Also a nostalgic thing I enjoy is collecting old pictures. There are a couple of facebook groups I belong to- one is for the area where I grew up & the other is for the area where my family is from in Virginia. Both are history groups, & share many old pictures of both areas. I save the more interesting pictures of places I enjoyed growing up. It’s so much fun looking back over the pictures of how those towns were when I was a kid. It does make me a bit sad how much they’ve changed, but even so, it’s fun remembering how things used to be.
Music is another wonderful way to break away & feel good. I still love the music I grew up with, & listen to it often. Some songs take me back to a happy place. Journey always reminds me of going to dinner with my wonderful paternal grandparents at a tiny local Italian place when I was a kid. My grandmom gave me change for the jukebox- something my mother always refused to do. “Who’s Cryin’ Now” was one of the Journey songs played, so yes, their music takes me back to a fun evening. Listening to good music that transports you back to a happy time can be very good for your mood & very relaxing.
Pamper yourself. Also hard to do when you grew up with a narcissistic mother who undoubtedly told you how selfish you were for showing yourself any kindness, but remember- narcissists project their flaws onto other people so they can then get angry about those flaws. Your mother was wrong- you aren’t selfish! Doing nice, pampering gestures for yourself aren’t selfish either- they are healthy, & they show you that you care about yourself. Nothing wrong with that!
I think distractions like these are also very helpful because they empower you. If you think about what you’ve gone through constantly, it’s as if your mother still has power over you. She’s still controlling you, by being in your thoughts so much. If you purposely kick her out of your mind sometimes, you are taking back control of your life, & your thoughts.
Also, distracting yourself sometimes is good for your anxiety & depression levels. The more you focus on the abuse you endured, the more anxious & depressed it can make you. Focus on healing- get angry, cry, do what you have to do- but take at least the same amount of time to relax & have some fun! It’s good for you!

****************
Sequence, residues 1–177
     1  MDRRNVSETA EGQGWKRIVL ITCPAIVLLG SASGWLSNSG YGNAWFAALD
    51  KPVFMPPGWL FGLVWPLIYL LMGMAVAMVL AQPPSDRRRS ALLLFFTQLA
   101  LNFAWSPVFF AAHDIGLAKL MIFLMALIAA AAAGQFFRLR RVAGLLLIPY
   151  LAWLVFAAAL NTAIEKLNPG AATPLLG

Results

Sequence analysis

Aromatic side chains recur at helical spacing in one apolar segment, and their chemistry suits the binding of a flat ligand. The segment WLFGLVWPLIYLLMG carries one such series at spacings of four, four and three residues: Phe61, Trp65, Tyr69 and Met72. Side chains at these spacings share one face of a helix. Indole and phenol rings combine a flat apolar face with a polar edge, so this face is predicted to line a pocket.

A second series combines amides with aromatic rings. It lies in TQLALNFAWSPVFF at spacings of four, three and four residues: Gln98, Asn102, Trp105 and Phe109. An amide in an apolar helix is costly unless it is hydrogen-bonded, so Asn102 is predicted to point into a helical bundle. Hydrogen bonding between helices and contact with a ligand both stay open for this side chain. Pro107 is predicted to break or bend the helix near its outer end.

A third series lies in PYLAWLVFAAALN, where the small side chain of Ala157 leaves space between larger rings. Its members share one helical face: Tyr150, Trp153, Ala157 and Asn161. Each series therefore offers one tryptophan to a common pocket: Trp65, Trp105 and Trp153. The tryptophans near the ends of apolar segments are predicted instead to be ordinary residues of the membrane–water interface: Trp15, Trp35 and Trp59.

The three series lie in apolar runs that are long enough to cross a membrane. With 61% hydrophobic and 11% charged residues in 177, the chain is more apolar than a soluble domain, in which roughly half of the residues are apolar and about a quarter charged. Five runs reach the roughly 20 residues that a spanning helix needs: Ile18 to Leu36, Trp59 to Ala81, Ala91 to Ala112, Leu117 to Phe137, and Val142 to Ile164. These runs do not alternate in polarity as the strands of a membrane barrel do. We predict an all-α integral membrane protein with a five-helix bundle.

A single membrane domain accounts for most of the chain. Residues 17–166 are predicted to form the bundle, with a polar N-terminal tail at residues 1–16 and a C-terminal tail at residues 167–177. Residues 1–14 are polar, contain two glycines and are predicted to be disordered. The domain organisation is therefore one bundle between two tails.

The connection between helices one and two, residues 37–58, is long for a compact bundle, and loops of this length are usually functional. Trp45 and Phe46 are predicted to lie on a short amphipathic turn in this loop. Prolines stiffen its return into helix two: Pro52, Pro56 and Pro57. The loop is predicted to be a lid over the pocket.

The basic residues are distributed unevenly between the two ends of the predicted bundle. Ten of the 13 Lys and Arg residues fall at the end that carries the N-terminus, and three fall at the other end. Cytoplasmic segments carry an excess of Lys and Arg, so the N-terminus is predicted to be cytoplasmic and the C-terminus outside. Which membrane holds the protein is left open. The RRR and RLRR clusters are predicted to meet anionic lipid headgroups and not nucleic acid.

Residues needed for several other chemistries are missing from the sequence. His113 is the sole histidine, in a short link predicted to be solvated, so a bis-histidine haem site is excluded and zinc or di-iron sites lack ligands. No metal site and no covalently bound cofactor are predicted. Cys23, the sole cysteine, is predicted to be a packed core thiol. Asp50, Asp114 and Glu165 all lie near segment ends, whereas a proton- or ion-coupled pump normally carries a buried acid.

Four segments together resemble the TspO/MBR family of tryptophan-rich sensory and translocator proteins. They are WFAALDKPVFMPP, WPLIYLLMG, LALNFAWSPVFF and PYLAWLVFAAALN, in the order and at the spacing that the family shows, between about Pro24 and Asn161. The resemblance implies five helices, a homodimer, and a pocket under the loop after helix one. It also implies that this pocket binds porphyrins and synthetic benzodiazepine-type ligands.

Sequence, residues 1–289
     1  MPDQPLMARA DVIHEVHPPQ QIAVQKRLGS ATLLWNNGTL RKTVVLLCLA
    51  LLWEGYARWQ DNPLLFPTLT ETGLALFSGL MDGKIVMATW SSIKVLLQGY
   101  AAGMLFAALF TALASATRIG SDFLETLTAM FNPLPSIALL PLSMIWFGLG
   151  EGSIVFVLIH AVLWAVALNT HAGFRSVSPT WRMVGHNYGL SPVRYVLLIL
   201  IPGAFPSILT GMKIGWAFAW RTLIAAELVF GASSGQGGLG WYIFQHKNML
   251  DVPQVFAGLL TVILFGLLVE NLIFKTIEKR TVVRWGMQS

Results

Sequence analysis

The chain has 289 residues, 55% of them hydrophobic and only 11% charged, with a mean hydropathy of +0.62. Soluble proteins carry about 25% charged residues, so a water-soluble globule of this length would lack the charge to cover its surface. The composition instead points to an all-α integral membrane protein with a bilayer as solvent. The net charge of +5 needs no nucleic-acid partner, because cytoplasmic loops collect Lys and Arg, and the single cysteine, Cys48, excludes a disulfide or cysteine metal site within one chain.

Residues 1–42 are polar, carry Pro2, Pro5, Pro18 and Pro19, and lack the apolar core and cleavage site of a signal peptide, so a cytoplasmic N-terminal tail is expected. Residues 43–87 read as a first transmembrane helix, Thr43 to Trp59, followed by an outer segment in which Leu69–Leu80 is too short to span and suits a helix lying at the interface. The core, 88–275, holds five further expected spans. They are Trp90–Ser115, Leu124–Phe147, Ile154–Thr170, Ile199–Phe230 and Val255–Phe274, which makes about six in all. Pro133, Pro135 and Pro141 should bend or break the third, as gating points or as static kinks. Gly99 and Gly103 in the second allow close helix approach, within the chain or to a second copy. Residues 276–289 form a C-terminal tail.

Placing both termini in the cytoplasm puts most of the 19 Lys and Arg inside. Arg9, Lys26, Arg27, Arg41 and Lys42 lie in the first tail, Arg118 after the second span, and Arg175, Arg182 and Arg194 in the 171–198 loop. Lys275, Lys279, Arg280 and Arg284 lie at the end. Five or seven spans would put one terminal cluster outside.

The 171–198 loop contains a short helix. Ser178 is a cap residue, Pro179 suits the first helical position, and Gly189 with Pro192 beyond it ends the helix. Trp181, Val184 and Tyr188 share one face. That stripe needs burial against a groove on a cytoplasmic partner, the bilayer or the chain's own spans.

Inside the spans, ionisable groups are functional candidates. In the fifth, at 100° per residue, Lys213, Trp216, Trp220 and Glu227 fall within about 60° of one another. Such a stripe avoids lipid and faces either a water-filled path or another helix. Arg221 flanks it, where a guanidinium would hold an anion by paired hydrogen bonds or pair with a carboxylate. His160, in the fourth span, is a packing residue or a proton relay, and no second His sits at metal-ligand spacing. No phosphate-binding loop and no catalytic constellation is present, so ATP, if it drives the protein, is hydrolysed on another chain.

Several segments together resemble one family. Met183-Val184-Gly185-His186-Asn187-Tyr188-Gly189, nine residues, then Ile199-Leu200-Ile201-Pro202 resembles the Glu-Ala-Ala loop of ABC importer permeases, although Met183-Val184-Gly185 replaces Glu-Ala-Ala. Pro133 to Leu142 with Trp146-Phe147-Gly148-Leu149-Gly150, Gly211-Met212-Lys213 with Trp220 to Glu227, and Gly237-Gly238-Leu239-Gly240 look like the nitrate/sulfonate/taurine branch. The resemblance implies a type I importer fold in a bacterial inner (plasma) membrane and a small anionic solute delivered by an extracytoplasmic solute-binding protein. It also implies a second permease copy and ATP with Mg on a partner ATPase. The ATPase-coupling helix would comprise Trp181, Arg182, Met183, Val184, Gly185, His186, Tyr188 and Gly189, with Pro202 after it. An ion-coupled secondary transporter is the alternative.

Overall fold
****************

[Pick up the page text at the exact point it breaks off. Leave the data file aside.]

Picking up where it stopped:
Just when I get comfortable thinking I’m finally familiar with C-PTSD, it seems like something else rears its ugly head. It can be so frustrating!
Last night, I went to start knitting a hat. I cast on my stitches (the foundation), then went to join this long trail of stitches into a circle. I suddenly realized I completely forgot how to do it. I stared at my knitting needles & yarn for quite some time, but the next step wouldn’t come to me. My husband asked me what’s wrong & I told him I forgot how to start knitting in the round. He was surprised, since he knows I have such an addiction to knitting & have since before we met. He then asked if I was that nervous about Monday, & I realized that must be why I forgot this ridiculously simple task. Monday I have a doctor’s appointment that I am dreading- not because anything is wrong, it’s a simple check up, but because most of the staff can be so hateful. It’s very triggering for me. Unfortunately I’m stuck with them for now, so I must endure the nastiness from these people. Anyway I hadn’t realized just how anxious i was about this appointment until that moment last night. That anxiety is filling up my brain too much- so much so, it temporarily pushed out knowing how to do a simple knitting technique.
I also had a difficult conversation with my mother yesterday afternoon, which added to my anxiety levels being higher.
If this describes you, too, know you aren’t alone. Yes, it can be so very frustrating to forget things, but it is a part of C-PTSD. You aren’t crazy. You have a disorder. Be understanding of yourself & gentle with yourself when these things happen.
As for me, I looked up on youtube how to continue knitting on my hat. I’ll continue working on it this afternoon. 🙂 “Yarn therapy” is very helpful.